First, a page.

During the official performance of the school play Norman has another vision, creating a public spectacle of himself which leads to his father (Jeff Garlin) grounding him. His mother (Leslie Mann) tells him that his father's stern manner is because he is afraid for him. The next day, Norman sees Prenderghast's ghost who tells him that the ritual must be performed with a certain book before sundown that day. Norman is at first reluctant to go because he is scared but his grandmother tells him it is all right to be scared as long as he does not let it change who he is. Norman sets off to retrieve the book from Prenderghast's house (having to take it from his corpse). He then goes to the graves of the five men and two women who were cursed by the witch they condemned, but finds the book is merely a series of fairy tales. Alvin (Christopher Mintz-Plasse), a school bully, interferes with the reading until after sundown. A ghostly storm resembling the witch appears in the air while the cursed dead zombies arise, chases and pursue the boys along with Norman's sister, Courtney (Anna Kendrick) and Neil's older brother, Mitch (Casey Affleck) in the van into town, but Norman contacts classmate Salma (who tells them to access the Town Hall's archives for the location of the witch's unmarked grave) for help. As the kids make their way to the Town Hall, the zombies are attacked by the citizenry. During the riot, they break into the archives but cannot find the information they need. As the mob moves to attack Town Hall, the witch storm appears and Norman climbs the Hall's tower to read the book, but the witch strikes it with lightning and causes him to fall back down into the archives.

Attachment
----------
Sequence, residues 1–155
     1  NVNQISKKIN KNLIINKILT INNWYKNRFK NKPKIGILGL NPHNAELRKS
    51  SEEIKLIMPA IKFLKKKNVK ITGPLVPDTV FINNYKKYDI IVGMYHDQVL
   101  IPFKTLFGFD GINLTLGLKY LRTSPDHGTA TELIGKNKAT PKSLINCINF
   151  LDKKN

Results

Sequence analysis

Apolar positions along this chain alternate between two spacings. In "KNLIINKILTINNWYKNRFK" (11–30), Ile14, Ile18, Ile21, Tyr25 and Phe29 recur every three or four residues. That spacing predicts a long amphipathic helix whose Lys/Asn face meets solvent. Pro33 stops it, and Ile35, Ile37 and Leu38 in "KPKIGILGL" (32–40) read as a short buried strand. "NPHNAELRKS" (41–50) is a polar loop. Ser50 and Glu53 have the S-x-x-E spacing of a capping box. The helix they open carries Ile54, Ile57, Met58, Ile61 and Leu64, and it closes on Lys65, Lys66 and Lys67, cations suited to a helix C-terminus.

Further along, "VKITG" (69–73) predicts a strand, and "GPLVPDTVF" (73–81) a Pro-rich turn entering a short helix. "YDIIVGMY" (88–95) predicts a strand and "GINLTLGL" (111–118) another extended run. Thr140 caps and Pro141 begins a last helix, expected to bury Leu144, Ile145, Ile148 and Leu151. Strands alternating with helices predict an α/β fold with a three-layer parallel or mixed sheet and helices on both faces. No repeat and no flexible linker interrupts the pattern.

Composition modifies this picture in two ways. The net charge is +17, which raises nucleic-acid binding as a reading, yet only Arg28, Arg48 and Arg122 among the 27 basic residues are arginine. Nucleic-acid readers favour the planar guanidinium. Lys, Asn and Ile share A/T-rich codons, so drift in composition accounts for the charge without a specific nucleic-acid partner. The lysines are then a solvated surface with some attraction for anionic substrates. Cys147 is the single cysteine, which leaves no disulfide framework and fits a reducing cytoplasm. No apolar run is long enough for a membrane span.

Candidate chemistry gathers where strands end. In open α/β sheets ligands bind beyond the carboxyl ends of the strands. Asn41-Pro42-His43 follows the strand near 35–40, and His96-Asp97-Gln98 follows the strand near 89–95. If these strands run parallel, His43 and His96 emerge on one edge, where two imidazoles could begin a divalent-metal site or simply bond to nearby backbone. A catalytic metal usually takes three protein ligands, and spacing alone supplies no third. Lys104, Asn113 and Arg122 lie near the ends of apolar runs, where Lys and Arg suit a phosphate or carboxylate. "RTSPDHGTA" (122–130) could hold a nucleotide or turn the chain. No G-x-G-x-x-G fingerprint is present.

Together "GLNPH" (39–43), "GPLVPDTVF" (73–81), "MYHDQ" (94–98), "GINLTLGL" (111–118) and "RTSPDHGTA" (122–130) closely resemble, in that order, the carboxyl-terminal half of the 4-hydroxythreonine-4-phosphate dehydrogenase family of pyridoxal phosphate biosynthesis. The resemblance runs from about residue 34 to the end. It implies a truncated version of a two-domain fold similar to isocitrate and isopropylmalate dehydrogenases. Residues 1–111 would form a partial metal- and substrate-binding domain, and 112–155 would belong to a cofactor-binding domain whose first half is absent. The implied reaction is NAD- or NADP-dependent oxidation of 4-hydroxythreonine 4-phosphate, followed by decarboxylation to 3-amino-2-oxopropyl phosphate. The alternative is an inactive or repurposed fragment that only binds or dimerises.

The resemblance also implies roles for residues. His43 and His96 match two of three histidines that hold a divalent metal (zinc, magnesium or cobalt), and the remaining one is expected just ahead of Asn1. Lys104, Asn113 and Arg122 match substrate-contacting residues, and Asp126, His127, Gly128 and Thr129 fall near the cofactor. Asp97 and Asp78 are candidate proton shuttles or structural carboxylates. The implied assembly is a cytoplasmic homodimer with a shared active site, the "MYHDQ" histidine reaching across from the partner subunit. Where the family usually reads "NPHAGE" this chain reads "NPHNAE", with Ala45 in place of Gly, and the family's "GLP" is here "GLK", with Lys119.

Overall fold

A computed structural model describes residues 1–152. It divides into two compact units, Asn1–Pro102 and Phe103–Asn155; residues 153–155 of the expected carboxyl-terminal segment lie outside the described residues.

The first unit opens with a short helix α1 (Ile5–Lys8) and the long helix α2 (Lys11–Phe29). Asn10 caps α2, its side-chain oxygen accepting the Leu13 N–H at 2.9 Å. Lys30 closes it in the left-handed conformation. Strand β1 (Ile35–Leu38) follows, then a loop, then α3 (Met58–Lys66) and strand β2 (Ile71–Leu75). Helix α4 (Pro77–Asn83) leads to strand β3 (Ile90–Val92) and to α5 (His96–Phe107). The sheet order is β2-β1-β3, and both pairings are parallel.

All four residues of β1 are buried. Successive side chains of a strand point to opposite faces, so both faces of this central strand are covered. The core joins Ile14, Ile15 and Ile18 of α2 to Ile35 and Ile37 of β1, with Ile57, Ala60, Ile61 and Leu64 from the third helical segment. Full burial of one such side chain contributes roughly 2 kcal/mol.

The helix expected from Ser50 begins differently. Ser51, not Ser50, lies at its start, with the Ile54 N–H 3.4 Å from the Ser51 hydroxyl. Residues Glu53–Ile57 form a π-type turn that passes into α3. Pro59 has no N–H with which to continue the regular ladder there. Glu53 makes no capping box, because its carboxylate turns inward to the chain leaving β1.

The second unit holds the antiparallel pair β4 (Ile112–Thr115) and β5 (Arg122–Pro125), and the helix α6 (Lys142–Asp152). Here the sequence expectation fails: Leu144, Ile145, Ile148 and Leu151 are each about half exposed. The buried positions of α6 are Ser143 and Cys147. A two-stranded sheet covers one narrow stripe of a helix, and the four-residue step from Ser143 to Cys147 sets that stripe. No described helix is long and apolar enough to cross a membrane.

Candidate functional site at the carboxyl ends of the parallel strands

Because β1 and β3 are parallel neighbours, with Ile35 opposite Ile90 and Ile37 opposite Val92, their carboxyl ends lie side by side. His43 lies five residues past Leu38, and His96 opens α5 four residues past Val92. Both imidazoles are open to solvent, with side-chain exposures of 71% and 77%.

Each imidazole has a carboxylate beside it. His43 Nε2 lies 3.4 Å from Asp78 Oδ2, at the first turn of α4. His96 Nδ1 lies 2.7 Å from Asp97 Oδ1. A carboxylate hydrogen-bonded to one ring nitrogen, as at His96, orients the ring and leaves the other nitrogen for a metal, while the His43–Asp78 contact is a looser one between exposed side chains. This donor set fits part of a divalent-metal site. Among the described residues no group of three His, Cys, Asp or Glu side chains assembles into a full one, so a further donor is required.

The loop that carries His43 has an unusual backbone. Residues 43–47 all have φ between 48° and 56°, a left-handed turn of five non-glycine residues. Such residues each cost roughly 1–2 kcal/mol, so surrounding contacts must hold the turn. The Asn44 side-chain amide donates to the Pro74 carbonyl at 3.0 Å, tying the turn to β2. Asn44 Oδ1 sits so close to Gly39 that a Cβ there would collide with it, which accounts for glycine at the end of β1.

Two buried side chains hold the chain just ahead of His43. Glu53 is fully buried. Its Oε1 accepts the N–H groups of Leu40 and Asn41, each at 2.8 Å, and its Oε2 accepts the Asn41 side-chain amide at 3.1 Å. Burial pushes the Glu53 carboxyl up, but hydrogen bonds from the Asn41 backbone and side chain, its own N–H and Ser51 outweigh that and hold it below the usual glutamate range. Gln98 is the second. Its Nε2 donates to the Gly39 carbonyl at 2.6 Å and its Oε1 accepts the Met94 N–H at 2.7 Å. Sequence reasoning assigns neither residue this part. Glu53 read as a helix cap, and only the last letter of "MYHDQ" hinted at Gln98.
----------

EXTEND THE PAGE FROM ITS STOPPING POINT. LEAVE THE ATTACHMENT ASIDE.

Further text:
Unconscious, Norman has a dream where he learns that the witch was Agatha Prenderghast (Jodelle Ferland), a little girl of his age who was also a medium. Norman also learns that Agatha was wrongfully convicted by the town council after they mistook her powers as witchcraft. After awakening, Norman encounters the zombies and realizes that they were the same town council who convicted Agatha. The zombies then admit that they only wanted to speak with him to ensure he would take up the ritual to minimize the harm of the mistake they made towards Agatha. Norman attempts to help the zombies slip away to have them guide him to Agatha's grave, but are cornered by the mob. Courtney confronts the crowd and convinces them to back off. Judge Hopkins (Bernard Hill) guides Norman's family to the grave in a forest. Before the grave is reached, Agatha's magic separates Norman from the others. Norman finds the grave and interacts with Agatha in the spirit dimension, determined to stop the cataclysmic tantrum she had been having over the years. She asks him to leave her be, but Norman holds his ground, telling her he understands how she feels as an outcast. Norman endures her assault and eventually convinces her that her vengeance is accomplishing nothing and persuades her to stop. Norman tells her that there must have been someone who was kind to her. Agatha recalls happy memories with her mother. She is able to find a measure of peace and move on to the afterlife. The storm dissipates, and she and the zombies all fade away. The town cleans up and regards Norman as a hero. In the end, Norman watches a horror film with the ghost of his grandmother and his family.